Jojo Rabbit (2019): A Masterpiece of Satire and Heart

Image result for Jojo rabbit poster

     Taika Waititi is brilliant. “Jojo Rabbit” is one of the best satires I have ever seen as it mixes the feel of a Wes Anderson film with the biting edge of a Mel Brooks comedy. This film has so much heart and the powerful message alone are reason enough to see it. This might be my favorite film from Taika and will most likely make my Top 5 Films at the end of the year.

The film was directed and written by Taika Waititi and based off the story Caging Skies by Christine Leunens.

The story follows “Jojo” Betzler (Roman Griffin Davis), a German child at the end of World War 2. He’s fully bought into the Nazi propaganda and has an imaginary friend Hitler (Taika Waititi). His world is soon changed when he finds his mother (Scarlett Johansson) is sheltering a Jewish girl named Elsa (Thomasin McKenzie) in their home.

SPOILERS ahead

The Pros:

The Characters and Performances – The main characters are wonderful. You have the naive Jojo who grows out of the fascist propaganda over the course of the film. You have his mother Rosie who is fighting against the Nazis trying to spread the word of resistance through Berlin, this is one of the best performances I’ve seen Scarlett Johansson do. Elsa is the heart of the film as the Jewish refugee who forms a friendship with Jojo over the course of the film.

The Satire – The satire is brilliant. Like Mel Brooks mocked Hitler in “The Producers,” Taika does this hear with a cartoonish Hitler who acts like a child that is eventually seen by Jojo to be the insane man he is. It is gradual but we see how it is from made up mythological stories that Hitler built his brand on in the lies told about what it means to be German and the lies about anyone considered an enemy of Germany. Be they Jewish, Romani, Russian, etc. Over the film you see this revealed in the people fed up with the lie or those embracing it even as it ruins their lives and those of the people around them.

Dangers of Fascism – One of the strongest themes of the film is the danger of fascism. In it you see how the populace suffers and only a very small group of the delusional are those who profit from the status quo they create. A women’s role becomes to bear children for the Empire, minorities are killed off and anyone who is injured or damaged is cast aside and forgotten about. Any difference from the ideal has no place and it is this ideal that is used to blind enough people to fulfill the will of those in power. This film illustrates all this beautifully and it is part of what gives the film so much power.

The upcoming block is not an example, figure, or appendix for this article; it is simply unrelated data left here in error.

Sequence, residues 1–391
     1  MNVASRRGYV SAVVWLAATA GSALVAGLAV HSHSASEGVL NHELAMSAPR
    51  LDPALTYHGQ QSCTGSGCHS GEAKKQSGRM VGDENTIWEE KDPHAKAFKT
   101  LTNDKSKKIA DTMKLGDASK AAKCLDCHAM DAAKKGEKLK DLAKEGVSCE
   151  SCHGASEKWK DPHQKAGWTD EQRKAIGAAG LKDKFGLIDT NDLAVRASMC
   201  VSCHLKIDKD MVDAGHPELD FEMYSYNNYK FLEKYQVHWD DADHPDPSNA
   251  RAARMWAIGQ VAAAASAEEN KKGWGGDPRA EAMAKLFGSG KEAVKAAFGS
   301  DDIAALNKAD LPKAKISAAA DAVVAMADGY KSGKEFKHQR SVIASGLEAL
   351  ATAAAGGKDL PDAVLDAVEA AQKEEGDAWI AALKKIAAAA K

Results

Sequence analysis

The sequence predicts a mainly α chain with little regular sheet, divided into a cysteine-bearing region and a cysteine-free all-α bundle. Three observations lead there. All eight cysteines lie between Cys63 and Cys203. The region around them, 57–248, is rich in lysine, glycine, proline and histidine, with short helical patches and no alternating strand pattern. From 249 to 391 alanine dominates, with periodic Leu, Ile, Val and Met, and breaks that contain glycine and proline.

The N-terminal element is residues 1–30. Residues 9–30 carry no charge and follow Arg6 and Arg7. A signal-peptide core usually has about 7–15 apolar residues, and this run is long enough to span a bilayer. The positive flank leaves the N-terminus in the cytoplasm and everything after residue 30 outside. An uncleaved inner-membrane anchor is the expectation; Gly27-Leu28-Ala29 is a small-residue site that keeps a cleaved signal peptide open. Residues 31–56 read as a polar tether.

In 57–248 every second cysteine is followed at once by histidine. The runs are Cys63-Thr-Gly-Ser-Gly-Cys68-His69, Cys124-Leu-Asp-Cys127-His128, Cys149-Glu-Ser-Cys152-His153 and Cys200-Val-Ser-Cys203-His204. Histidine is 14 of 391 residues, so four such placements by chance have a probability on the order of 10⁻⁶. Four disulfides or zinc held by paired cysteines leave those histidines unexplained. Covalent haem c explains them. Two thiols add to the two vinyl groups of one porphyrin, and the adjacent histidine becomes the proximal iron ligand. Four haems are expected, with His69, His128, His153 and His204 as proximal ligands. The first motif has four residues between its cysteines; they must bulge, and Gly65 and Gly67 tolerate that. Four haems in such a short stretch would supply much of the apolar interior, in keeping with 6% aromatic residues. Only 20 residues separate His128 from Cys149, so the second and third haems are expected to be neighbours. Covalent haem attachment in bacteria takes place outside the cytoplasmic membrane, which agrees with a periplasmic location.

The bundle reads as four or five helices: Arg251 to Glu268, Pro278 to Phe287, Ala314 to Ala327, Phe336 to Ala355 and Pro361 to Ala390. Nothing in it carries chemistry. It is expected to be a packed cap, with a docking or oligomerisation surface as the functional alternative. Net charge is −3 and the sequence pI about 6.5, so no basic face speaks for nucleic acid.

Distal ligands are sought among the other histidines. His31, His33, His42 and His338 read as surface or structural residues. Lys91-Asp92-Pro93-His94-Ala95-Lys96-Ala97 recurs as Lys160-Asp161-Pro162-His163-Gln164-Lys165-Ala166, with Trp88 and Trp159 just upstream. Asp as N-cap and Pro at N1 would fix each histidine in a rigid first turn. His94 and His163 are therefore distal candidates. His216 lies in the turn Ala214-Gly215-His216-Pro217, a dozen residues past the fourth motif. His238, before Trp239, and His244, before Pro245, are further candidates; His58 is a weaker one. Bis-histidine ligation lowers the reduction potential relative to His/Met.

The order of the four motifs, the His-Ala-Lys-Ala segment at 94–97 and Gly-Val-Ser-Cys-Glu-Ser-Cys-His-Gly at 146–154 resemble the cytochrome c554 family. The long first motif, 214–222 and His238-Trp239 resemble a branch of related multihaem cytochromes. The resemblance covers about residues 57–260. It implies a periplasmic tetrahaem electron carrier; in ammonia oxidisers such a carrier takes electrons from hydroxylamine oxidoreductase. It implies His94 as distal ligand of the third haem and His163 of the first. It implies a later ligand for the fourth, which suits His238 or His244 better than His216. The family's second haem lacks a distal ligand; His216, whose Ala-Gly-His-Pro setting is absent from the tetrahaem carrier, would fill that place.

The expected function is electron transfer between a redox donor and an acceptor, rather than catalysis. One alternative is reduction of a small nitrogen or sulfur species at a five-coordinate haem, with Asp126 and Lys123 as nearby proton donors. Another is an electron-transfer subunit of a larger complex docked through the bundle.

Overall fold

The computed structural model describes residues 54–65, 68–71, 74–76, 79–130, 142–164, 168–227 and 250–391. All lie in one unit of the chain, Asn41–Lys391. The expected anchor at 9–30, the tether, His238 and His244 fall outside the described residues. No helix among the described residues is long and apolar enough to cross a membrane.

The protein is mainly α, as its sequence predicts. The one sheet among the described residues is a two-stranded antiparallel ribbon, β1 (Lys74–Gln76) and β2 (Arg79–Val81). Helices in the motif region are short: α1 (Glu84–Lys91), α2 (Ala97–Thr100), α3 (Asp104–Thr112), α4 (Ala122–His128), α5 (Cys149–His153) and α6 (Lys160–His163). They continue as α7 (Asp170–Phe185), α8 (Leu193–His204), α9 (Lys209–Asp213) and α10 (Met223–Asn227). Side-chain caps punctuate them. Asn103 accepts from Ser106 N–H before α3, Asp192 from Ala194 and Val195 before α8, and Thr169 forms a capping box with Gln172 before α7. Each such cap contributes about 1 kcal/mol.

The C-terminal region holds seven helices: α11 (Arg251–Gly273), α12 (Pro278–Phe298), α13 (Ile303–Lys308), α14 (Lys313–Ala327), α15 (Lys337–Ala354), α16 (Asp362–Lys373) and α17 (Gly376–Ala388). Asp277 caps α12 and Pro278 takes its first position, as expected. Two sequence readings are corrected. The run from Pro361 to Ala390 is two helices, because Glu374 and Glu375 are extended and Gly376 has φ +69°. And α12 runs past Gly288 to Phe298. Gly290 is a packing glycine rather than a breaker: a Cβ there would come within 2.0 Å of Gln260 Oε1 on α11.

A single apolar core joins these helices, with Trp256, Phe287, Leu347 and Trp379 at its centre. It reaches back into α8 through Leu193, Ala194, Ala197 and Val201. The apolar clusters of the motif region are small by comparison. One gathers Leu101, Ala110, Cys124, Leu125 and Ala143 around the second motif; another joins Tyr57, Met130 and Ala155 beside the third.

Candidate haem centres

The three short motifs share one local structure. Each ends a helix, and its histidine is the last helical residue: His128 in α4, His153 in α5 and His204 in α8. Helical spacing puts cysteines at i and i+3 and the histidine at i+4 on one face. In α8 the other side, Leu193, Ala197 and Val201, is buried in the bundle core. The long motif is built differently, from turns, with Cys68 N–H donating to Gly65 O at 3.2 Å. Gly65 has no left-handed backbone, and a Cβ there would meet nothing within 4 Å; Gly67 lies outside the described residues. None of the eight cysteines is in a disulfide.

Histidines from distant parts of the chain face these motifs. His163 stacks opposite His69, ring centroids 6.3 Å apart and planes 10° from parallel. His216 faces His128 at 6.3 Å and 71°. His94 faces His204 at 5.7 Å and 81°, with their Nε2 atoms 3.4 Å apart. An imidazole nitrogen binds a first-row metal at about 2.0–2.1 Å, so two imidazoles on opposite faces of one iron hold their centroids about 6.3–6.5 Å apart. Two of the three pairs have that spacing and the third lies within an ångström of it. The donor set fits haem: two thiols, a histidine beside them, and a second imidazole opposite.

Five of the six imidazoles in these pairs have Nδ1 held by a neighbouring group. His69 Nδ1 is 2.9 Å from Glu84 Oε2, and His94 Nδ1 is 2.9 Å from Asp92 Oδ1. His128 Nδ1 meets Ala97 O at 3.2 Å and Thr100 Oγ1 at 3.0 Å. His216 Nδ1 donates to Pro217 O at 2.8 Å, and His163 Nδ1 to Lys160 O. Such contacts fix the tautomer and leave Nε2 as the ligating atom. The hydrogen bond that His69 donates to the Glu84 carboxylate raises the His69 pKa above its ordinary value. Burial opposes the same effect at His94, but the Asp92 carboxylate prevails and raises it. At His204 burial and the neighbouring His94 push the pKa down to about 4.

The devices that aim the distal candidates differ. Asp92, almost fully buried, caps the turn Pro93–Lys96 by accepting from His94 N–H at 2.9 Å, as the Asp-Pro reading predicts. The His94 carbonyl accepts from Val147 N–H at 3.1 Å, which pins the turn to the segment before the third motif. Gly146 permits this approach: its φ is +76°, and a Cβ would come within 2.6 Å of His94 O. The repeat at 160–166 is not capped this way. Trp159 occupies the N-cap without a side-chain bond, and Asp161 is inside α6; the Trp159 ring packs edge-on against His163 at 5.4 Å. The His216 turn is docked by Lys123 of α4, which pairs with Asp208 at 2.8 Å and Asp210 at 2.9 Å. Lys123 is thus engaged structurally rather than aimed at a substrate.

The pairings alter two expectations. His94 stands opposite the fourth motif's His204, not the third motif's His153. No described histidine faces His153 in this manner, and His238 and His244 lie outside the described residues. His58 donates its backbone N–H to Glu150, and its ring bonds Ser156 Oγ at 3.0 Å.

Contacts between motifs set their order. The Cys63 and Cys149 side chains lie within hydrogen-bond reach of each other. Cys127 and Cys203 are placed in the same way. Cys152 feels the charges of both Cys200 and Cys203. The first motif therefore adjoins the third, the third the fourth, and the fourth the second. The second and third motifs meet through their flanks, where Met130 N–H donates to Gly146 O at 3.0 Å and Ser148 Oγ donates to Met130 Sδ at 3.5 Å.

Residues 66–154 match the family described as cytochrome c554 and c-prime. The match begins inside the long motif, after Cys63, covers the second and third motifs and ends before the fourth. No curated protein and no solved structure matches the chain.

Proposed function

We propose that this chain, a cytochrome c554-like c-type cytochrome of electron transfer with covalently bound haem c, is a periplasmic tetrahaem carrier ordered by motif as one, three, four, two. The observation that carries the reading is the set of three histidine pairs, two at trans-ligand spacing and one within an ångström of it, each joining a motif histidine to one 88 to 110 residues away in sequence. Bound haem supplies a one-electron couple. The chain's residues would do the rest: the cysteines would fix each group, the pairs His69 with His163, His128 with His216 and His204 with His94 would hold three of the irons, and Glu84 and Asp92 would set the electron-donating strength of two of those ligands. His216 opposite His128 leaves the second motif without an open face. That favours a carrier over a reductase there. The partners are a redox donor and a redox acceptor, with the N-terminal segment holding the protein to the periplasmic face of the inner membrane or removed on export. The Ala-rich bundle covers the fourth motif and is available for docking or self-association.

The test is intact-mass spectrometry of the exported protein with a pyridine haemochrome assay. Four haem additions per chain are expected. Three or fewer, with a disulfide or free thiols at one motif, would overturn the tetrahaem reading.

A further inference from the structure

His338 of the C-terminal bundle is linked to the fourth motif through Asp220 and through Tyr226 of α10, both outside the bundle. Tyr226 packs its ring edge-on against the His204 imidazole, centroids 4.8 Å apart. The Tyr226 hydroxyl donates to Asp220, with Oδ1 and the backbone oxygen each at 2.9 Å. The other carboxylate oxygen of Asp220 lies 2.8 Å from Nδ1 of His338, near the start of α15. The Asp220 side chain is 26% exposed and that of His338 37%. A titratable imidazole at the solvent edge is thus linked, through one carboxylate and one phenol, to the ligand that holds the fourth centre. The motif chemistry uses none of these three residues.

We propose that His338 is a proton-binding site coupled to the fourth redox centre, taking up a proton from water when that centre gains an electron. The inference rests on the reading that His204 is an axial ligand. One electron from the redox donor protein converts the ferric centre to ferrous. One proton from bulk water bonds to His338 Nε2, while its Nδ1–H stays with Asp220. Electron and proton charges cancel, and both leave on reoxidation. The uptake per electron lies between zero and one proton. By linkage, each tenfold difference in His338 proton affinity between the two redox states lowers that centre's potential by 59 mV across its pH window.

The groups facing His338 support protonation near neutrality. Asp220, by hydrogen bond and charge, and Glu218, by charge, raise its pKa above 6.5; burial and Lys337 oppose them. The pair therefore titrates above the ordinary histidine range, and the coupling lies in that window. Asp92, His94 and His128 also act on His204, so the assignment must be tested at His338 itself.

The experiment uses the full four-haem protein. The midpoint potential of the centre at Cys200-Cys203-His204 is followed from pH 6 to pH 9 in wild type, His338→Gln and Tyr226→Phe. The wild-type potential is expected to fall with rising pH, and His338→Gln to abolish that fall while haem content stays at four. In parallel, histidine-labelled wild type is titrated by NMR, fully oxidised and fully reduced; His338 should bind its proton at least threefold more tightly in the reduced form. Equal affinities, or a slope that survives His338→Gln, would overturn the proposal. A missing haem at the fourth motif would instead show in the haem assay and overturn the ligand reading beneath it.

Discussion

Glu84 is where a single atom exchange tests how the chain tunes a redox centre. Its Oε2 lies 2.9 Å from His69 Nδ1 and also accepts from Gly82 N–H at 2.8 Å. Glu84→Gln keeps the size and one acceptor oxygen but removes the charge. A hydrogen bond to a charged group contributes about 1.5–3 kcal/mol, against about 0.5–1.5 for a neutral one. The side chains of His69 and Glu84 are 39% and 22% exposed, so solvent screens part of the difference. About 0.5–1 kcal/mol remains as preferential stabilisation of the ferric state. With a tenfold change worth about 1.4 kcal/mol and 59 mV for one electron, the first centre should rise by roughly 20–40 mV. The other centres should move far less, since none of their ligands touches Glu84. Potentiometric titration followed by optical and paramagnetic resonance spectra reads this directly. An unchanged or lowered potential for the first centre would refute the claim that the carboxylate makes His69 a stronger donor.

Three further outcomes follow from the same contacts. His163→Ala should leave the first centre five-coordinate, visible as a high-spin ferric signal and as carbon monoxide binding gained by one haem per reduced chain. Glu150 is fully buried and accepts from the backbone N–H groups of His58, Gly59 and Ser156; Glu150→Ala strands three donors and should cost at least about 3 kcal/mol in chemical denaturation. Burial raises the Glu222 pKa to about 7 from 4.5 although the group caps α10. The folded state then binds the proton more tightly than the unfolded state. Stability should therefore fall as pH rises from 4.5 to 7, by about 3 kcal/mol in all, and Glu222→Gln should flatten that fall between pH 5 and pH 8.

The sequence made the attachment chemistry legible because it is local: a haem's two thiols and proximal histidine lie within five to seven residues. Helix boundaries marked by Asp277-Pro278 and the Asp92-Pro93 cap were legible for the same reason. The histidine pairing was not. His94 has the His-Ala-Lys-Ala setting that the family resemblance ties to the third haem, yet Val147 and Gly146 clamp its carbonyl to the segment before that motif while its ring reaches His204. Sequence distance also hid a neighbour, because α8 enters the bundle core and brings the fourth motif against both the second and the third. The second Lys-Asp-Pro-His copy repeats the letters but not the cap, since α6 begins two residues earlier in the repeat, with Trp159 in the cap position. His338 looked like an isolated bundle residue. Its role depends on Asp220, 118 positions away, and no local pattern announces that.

The Emotional Core – The emotional core of the film is in witnessing everything Nazism has destroyed and our heroes finding life at the end. Elsa lost her betrothed and family to the Nazis. Jojo goes from “Othering” Elsa to becoming her friend and it is powerful seeing him go through deprogramming himself from all the fascist propaganda. Jojo’s mother is hung for fighting against the Nazis and in the end one of the Nazi soldiers who protects Elsa risks his life to save Jojo. These moments lend the film so much power. It is this heart that makes it more than simply a brilliant dark satire.

The Cons:

Ending Length – This was a film that could have gotten to the final scene faster. The last third of the film drags at times, which does a good job of putting you into Jojo’s mindset but also hurts the narrative flow, since before this I never noticed pacing at all. This is the only con I could find though, which says a lot for how great this film is.

This is a powerful film that is well worth your time. The message of fascism’s danger and the evil in “Othering” people is relevant as ever now. I hope more people see this film and that the message is taken to heart. This film is a masterpiece and I can’t wait to see what other films Taika Waititi makes in the future.

Final Score: 9.8 / 10 Near perfect.

 

One thought on “Jojo Rabbit (2019): A Masterpiece of Satire and Heart

Leave a Reply to Top 5 Films of 2019 – cameronmoviesandtv Cancel reply

Fill in your details below or click an icon to log in:

WordPress.com Logo

You are commenting using your WordPress.com account. Log Out /  Change )

Google photo

You are commenting using your Google account. Log Out /  Change )

Twitter picture

You are commenting using your Twitter account. Log Out /  Change )

Facebook photo

You are commenting using your Facebook account. Log Out /  Change )

Connecting to %s